The said spur may be formed, however, in any other desired manner, for instance, by providing an outwardly bent projection on the end of the upwardly bent portion I2, or protruding from any other portion of said bent end. If desired,
a similar spur may be provided at the opposite end of the bar hanger,
Coupling means I5 for fastening a1 fixture to the bar comprises an apertured clamp member I6 surrounding the straight midportion of the bar ID, the inner surface of one side of the aperture in said member being adapted to engage one side of said bar. The aperture in the clamp member I6 is so shaped as to provide sufficient clearance to allow the clamp to be turned about the bar in order that its position thereon may be reversed. Opposite the bar-engaging portion of said clamp member, a tapped hole is provided to accommodate a set screw II, the axis of which is normal to the transverse portion of the clamp I6.
A locking member is provided comprising a hollow stud I8 having an externally threaded portion I9 to engage a correspondingly threaded part'of a fixture to be attached thereto, and an inwardly extending flared skirt, 20. The inwardly extending bore of the threaded portion I9 is adapted to receive the head 2| of the set screw I1, but terminates in aln annular shoulder 22 adapted to engage the head of said screw. Said stud or coupling I8 is secured to the clamp member I6 by inserting the set screw into the bore of the threaded portion I9 and screwing it into the tapped hole of the clamp member I 6 until the edges 23 of the skirt portion 20 engage the bar Ill. The bar is thus clamped between the edges of said skirt and the bar-engaging portionof the clamp member I 6. The inner surface 24 of the skirt portion 22 is fitted approximately to the outer surfaces of the bridge portions Ilia of'the clamp member with sufficient clearance to permit the locking member to be drawn tightly against "the surface of the bar upon tightening-the screw I1.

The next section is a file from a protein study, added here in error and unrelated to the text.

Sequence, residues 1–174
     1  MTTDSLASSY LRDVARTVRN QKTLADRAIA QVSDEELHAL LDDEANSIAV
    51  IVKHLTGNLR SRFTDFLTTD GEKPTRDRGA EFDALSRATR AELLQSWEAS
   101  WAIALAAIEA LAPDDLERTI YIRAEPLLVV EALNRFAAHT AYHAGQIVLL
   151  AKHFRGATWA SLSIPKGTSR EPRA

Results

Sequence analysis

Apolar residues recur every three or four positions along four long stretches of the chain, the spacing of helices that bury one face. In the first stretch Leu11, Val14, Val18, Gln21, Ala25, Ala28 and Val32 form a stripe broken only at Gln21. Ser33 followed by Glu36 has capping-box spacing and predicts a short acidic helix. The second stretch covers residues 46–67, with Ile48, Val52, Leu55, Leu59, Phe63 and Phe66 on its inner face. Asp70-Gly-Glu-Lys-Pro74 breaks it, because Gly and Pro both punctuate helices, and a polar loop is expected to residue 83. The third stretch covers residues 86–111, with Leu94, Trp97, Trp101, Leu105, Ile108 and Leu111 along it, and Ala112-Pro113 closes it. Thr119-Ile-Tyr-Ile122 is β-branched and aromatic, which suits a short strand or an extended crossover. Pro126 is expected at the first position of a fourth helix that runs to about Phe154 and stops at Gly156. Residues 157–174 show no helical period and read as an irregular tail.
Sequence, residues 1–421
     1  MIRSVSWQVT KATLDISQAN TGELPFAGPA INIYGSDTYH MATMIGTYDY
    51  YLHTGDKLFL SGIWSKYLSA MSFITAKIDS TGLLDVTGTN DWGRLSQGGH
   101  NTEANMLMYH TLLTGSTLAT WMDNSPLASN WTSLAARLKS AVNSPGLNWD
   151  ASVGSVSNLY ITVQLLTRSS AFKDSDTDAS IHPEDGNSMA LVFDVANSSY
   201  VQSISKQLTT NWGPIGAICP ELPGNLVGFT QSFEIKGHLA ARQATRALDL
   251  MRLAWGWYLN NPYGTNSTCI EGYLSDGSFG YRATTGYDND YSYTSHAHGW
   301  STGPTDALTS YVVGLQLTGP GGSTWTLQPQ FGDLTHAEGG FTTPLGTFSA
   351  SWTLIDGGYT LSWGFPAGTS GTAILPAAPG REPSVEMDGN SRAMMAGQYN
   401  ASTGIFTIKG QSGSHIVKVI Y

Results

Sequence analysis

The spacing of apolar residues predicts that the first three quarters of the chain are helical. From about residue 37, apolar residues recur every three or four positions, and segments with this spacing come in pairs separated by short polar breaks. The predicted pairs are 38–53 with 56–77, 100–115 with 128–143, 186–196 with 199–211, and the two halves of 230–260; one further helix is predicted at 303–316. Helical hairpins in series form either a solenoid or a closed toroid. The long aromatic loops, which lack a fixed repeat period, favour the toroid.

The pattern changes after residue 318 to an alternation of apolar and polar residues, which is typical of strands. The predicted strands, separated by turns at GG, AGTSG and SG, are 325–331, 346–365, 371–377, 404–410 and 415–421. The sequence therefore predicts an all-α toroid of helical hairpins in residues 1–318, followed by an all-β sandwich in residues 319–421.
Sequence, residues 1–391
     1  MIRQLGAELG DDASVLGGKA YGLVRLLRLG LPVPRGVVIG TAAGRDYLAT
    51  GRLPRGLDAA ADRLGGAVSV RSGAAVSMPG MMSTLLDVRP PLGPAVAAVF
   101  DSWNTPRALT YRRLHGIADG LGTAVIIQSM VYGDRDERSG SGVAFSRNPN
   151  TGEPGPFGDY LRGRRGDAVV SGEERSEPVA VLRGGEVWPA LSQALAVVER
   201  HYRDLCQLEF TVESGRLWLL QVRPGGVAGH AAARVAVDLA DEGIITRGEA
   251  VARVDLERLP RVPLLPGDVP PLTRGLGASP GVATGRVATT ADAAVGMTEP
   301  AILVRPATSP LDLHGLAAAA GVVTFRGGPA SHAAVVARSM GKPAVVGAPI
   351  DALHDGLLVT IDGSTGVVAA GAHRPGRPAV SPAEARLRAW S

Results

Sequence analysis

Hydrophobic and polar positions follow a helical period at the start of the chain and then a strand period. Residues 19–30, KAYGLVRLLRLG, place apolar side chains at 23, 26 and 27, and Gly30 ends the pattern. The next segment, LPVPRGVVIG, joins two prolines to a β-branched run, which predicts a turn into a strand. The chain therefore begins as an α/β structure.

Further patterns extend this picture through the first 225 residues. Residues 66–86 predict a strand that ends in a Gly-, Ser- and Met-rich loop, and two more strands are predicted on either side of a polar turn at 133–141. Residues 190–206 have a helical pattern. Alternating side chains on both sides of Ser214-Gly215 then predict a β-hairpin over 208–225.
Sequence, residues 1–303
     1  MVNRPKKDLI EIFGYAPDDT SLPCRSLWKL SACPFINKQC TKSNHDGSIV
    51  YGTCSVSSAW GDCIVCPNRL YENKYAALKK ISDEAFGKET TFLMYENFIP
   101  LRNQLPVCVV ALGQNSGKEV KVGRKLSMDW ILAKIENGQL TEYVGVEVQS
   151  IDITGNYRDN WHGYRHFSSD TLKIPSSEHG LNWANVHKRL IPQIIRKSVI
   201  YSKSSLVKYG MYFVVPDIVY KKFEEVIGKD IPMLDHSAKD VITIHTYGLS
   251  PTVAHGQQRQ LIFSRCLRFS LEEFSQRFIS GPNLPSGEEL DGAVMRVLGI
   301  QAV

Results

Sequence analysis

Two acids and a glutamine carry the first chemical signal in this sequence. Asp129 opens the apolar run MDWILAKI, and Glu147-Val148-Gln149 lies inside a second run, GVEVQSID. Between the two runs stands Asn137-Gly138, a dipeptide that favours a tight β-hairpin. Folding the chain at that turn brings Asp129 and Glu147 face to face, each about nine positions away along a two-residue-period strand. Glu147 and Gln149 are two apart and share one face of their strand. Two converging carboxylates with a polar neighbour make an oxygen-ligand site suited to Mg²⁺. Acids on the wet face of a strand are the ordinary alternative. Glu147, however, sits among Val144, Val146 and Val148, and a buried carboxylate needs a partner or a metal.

Thus the coupling or fastener secured in any desired position on the bar Ill, and if necessary it may be reversed, removed or replaced upon the bar. The construction of saidstud or coupling is simple and inexpensive,
I5 may be.
and its adjustment requires the manipulation of only a single draft means, resulting inv a material saving of time in its installation andrendering its use 'highly convenient.
In fastening the bar hanger between adjacent joists, it isiheld in the desired position and the spur I4 at one end thereof is jammed into the'side of one joist, anchoring the bar hanger temporarily until itcan be permanently fastened. Nails'or screws are then driven through the holes I3 in each of the bent ends 'II and I2: